“I didn’t mean to hit her!” The Frisbee thrower squatted next to Dan and watched him remove her cracked sunglasses. “Oh, man, she’s out cold.”
Dan clamped a lid on his own spike of concern and thrust both hands into the woman’s silky twist of hair. In the time it took him to run from his truck he’d seen her fall against the side mirror on her downward slide, and then ram her head against the open car door. So, it came as no surprise when he located a sizable lump over her left ear.
He examined the welt rising on her cheekbone, his curse short, succinct. Her head cradled in his hands, he brushed his thumbs against her temples. “Can you hear me?”
The woman’s eyelids fluttered, lifted. “W-What happened? H-Harry? Where’s Harry?”
Who the devil was Harry? Dan gazed into cinnamon brown eyes fogged with confusion and experienced a surprising surge of possessiveness. He couldn’t drag his hands away from her fast enough. “If Harry’s the one on the phone, I believe he’s now conferencing with the sharks.”
“Oh. Oh! He’ll kill me!” She shifted, wrinkled her nose in obvious bewilderment at the sight of her legs stretched in front of her. “Why am I sitting on the ground?”
The student piped in. “My Frisbee hit you. You fell.”
Dan frowned. A concussion wasn’t out of the question. Although her pupils didn’t appear unequal or dilated, there was a large goose egg behind her ear and a welt across her cheek that grew more red and ugly by the minute. He searched his brain for the standard questions used on concussion victims. “What’s your name, and who’s the President?”
“Tess Emory, and Stuart Webster.”
“One out of two isn’t bad,” he murmured. For all he knew, Tess Emory wasn’t her name either.
“Oh, man, she doesn’t know—”
Dan glared the student into silence, motioning the kid to her other side so they could both help her to her feet. “Which is which?” he asked, aware he needed to keep her talking.
“I’m Tess.” She wobbled on her spiked heels. “The president’s Webster.”
Dan quickly calculated the distance to the camper in the back of his truck. “I think we have a problem. Webster is not President of the United States.”
Her eyes widened. “Oh. Wait. I thought you meant the president of my company!” She assured him she did indeed know her country’s president. “Now I know two presidents’ names and my own, but I don’t know your names.”
The student introduced himself and apologized for her injuries. He wanted to share his doctor’s phone number but, when she refused his assistance, he shrugged and walked off to rejoin his buddy sitting on the hood of their car.
Which left Dan where he shouldn’t be now that the danger had passed…overwhelmed by the appeal of toffee hair, cinnamon eyes, and spicy scent. Gasping for air like a wide-mouth bass in the bottom of his boat. Alone…with his brunette.
“And,” she said, “your name?”
“Daniel McDonald.” His fingers itched for more contact with her satiny skin, if only to shake her hand. He opted to tuck his hands in his pocket instead. “Now, you know five.”
“Names. Two presidents, yours, mine, and Frisbee Killer over there.” He nodded at the student. “That makes five.”
“Six. You forgot Harry.”
As far as he was concerned, Harry could commune forever with the sea anemones. However, the reminder of this woman’s single-mindedness also tempered Dan’s lingering response to her. Not that he appreciated it. “Why did you say he’ll kill you?”
“That’s his phone resting at the bottom of the bay. I don’t imagine he’s too pleased thinking I hung up on him, either.” Tess tentatively touched her cheek, winced. “I need to call him back. May I borrow your phone?”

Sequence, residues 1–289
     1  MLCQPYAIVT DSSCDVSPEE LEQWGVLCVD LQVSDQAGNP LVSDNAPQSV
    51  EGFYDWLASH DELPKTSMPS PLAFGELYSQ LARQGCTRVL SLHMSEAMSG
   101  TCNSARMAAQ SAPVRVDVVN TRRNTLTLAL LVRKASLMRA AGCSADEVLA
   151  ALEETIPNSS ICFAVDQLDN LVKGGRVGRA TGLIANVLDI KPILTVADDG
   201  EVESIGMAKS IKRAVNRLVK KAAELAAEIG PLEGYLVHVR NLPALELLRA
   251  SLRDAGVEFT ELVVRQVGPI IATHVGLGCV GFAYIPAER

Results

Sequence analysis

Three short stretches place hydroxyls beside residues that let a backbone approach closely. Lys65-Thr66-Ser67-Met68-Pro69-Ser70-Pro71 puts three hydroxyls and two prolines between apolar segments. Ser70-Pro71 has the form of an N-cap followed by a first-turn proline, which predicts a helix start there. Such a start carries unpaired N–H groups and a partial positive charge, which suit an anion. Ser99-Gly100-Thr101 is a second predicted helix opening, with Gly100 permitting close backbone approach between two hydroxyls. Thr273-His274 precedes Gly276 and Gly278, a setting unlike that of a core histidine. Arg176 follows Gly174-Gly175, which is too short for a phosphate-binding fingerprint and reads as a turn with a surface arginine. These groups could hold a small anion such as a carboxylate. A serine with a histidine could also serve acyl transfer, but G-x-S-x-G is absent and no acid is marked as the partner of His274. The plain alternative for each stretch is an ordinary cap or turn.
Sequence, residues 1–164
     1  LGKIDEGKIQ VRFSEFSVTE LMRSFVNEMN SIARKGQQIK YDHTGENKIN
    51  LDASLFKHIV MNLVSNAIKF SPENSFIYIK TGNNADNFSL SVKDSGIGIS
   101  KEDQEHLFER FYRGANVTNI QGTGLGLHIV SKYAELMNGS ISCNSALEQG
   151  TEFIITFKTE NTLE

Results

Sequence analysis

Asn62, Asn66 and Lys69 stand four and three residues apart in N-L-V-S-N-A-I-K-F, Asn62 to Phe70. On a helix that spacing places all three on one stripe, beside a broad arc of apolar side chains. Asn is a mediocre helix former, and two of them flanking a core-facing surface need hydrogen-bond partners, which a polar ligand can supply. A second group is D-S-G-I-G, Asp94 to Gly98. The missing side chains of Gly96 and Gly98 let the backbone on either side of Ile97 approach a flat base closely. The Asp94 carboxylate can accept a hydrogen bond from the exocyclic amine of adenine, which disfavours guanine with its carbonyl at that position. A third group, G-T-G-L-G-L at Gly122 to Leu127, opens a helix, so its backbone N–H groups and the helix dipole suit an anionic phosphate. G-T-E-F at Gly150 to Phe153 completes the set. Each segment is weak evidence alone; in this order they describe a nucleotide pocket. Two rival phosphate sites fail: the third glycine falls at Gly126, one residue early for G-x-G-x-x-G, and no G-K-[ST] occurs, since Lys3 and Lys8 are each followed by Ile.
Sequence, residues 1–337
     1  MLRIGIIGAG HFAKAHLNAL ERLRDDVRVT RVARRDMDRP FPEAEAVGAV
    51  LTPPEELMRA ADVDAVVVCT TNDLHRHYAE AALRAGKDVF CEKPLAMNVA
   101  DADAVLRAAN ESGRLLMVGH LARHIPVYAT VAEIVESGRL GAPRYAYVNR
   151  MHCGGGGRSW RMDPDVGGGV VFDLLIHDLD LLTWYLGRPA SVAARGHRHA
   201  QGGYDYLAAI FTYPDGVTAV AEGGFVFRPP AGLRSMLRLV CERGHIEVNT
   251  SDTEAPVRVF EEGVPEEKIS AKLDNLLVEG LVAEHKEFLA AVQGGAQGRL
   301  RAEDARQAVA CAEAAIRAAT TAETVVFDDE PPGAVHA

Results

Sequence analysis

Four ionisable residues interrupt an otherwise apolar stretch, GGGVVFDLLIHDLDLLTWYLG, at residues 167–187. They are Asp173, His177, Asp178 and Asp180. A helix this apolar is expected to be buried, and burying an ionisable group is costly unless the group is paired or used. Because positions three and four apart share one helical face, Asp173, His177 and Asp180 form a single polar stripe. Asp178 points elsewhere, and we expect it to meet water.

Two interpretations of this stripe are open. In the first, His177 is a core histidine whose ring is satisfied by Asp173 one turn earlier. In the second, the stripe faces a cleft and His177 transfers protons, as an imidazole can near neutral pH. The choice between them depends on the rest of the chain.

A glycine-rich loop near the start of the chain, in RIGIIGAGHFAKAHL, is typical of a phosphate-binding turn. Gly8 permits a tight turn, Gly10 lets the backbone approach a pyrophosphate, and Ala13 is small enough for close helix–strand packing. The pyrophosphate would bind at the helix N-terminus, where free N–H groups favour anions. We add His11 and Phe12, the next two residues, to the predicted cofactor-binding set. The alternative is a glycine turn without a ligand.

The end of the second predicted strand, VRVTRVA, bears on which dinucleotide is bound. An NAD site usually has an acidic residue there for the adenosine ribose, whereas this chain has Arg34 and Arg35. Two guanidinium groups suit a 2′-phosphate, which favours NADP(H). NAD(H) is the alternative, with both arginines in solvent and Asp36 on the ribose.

“I don’t have it on me,” he said thinking of where he’d last seen it. To break his final connection with the world he’d left behind, he’d tossed the phone into a storage box along with everything else. “Let’s take care of your injuries first.” Dan eyed the welt marring her delicate skin, the bruise already forming on her cheekbone. “How bad does that feel?”
“The way my head’s pounding, I guess I’m lucky to feel anything.” She peered at her face in her damaged side view mirror. “Sweet mercy, I’ve got a meeting in twenty minutes! I can’t go in there looking like this!”
Dan hated to burst her bubble. “I heard on the radio it might be a couple of hours before this accident is cleaned up.”
“Please,” Tess straightened, “tell me you’re joking.”
The haunted look shadowing her eyes was familiar. He’d seen it in the mirror, millions of years ago, before he came to his senses and dumped his stressful career, pristine penthouse, and empty lifestyle. This woman was wound entirely too tight. It was only a matter of time before she snapped under the strain. “I’m sorry. We’re stuck here until further notice.”
“I’ve got six suits waiting for me.” She threaded her fingers through her hair and yanked pins out, stuffing them into her jacket pocket with all the intensity of a search-and-destroy mission. “I can’t be stuck here!”
He was surprised when she punctuated the last word with a stamp of her foot, and even more intrigued by the flush which bloomed under her skin when she realized what she’d done. He’d known his share of businesswomen with tempers, but businesswomen who blushed?
“I can’t believe I did that,” she said, faintly.
Bending over he quickly picked up her heel, snapped off her right shoe in her flash of temper, and then arched an eyebrow at her. “I’d be happy to jump up and down, too, if you think it would help.”
Tess ducked her head on a small laugh. “Thanks for the offer, Mr. McDonald. I don’t think that’s necessary.”
“Daniel.” He barely touched her palm when he laid the heel in her hand, and a blast of sensual heat struck him so hard he nearly groaned out loud. “Call me Dan,” his voice rough, “since we appear to be neighbors.”
She looked in the direction he indicated where his pickup camper sat in the next
lane. “Welcome to the neighborhood.”
“Thanks. I think I’ll like this one.” He hadn’t reached San Francisco yet but, if Tess was representative of the women he’d find there, he was going to be one happy camper for the next three months.
No! He reeled in his runaway hormones. You’re going to be pretty damned lonely. No workaholics, remember?
As if able to read the rejection on his face, she looked away toward the wide, open space of the bay beyond the bridge. Then, she pressed a trembling hand to her forehead and swallowed convulsively. “You’ll have to excuse me. I need…to lie down. I feel diz—” Her knees buckled.